"To do by 'feel' what cannot be done by regular conscious thought": that's not a bad description of the goal of discipleship. To conform to the image of the Son is to have so absorbed the gospel as a "kinesthetic sense," a know-how you now carry in your bones, that you do by "feel" what cannot be done by conscious thought. You have been remade in Christ such that there are ways you love him that you don’t even know. You have a Christlike "feel" for the world, and you act accordingly "without thinking about it."
While we might assume that the emotionalism of contemporary youth ministry is anti-intellectual, in fact it is tethered to a deeply intellectualist paradigm of discipleship: the whole point of keeping young people happy and stirred and emotionally engaged is so that we can still have an opportunity to deposit a "message" into their intellectual receptacles.
But this is a sign that we have given up on incarnate modes of formation bequeathed to us in liturgy and the spiritual disciplines. Instead, we have created youth ministry that confuses extroversion with faithfulness. We have effectively communicated to young people that sincerely following Jesus is synonymous with being "fired up" for Jesus, with being excited for Jesus, as if discipleship were synonymous with fostering an exuberant, perky, cheerful, hurray-for-Jesus disposition like what we might find in the glee club or at a pep rally.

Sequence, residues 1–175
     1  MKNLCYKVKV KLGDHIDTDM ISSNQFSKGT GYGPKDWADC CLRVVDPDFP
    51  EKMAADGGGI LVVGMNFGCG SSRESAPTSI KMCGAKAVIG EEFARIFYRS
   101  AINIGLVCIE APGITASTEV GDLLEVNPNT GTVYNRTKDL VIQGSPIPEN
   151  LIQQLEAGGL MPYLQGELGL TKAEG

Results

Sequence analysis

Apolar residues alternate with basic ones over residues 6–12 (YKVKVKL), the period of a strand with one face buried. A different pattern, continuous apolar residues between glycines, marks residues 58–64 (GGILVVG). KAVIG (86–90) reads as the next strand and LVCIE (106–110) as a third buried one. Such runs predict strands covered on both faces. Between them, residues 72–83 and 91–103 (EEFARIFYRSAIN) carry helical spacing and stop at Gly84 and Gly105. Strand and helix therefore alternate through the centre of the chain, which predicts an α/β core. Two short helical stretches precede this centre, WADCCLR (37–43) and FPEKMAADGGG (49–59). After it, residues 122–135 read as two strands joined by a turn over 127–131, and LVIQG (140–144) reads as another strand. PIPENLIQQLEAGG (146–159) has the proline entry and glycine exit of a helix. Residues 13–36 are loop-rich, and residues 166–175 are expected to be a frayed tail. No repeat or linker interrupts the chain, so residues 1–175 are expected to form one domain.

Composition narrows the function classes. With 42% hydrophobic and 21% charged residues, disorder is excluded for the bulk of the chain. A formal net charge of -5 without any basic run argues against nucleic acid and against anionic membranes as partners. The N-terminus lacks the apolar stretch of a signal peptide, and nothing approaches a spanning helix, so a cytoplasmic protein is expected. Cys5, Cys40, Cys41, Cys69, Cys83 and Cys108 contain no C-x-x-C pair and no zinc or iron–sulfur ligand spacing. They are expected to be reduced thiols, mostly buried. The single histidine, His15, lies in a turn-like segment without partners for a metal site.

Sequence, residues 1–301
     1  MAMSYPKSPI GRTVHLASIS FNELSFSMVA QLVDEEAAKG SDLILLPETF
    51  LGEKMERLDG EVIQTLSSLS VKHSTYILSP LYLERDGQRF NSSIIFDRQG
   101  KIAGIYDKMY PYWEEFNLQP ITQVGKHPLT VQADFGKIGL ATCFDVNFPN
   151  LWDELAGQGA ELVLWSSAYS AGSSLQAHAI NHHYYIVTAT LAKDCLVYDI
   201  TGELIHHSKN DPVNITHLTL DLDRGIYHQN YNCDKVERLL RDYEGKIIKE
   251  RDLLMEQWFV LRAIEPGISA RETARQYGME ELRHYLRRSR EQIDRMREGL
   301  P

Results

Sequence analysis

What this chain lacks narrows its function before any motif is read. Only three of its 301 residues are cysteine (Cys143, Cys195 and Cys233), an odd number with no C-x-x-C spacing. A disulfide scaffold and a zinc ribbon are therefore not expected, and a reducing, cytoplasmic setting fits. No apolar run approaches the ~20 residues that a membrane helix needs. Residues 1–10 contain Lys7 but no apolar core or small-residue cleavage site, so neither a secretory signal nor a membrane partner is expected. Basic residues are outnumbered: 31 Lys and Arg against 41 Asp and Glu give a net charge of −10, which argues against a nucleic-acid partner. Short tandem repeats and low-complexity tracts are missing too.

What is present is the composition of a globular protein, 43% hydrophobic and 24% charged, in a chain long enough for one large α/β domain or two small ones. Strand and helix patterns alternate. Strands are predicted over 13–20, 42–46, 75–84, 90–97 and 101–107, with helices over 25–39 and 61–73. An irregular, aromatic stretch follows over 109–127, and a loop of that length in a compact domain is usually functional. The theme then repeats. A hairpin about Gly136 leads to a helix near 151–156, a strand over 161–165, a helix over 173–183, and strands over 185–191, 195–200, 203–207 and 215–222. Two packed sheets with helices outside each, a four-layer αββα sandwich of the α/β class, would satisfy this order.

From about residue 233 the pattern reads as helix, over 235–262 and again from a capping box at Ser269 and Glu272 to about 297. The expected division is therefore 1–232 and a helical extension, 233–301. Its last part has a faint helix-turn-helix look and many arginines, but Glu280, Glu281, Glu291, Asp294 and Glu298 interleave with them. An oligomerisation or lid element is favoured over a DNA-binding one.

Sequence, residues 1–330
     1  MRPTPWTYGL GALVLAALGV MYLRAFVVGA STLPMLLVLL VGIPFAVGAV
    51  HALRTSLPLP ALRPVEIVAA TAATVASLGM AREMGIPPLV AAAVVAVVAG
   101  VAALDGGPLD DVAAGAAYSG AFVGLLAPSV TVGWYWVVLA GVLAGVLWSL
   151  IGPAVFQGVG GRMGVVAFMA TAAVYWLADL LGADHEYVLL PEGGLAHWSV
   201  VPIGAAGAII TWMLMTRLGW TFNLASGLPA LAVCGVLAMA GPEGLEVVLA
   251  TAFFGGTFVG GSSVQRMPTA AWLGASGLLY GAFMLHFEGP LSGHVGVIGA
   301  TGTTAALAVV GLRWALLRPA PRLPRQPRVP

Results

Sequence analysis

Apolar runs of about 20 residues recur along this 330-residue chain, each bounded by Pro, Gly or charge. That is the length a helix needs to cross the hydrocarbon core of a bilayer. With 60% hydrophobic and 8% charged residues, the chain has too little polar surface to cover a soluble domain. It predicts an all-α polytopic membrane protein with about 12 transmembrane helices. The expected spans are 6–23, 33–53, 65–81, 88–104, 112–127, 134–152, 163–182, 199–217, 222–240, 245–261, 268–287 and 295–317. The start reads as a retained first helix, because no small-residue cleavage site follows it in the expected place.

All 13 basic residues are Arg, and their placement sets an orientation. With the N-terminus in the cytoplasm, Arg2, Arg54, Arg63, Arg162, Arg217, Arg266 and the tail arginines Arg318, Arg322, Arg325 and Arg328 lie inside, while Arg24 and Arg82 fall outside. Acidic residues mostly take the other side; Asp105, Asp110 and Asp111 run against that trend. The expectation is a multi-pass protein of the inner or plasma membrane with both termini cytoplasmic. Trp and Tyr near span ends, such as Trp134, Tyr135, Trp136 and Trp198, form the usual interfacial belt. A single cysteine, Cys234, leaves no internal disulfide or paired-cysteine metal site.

This now intersects with our core theme because our (culture-)making, our work, is generated as much by what we want as by what we believe. We are made to be makers, but as makers we remain lovers. So if you are what you love, then you make what you love. Your cultural labor—whether in finance or fine arts, as a fireman or a first-grade teacher—is animated less by "principles" that you carry in your head and more by habits of desire that operate under the hood of consciousness.
Whether we're entrepreneurs launching a tech start-up or first-time parents starting a family, our "creative" work as human beings made in God’s image is sort of pulled out of us by our attraction to a vision of the good life. Our making bubbles up from our imagination, which is fueled by a Story of what flourishing looks like. We all carry some governing Story in our bones that shapes our work more than we might realize because that Story has taught us what to love (and as we emphasized in chapter 2, you might not love what you think because you might not realize what Story has really captured your imagination). If you are what you love, and you make what you want, then we need to be attentive to how our wants are formed if we want to be faithful makers. We need to curate the unconscious, the storehouse of governing stories. Be careful what you worship; it will shape what you want, and therefore what you make and how you work.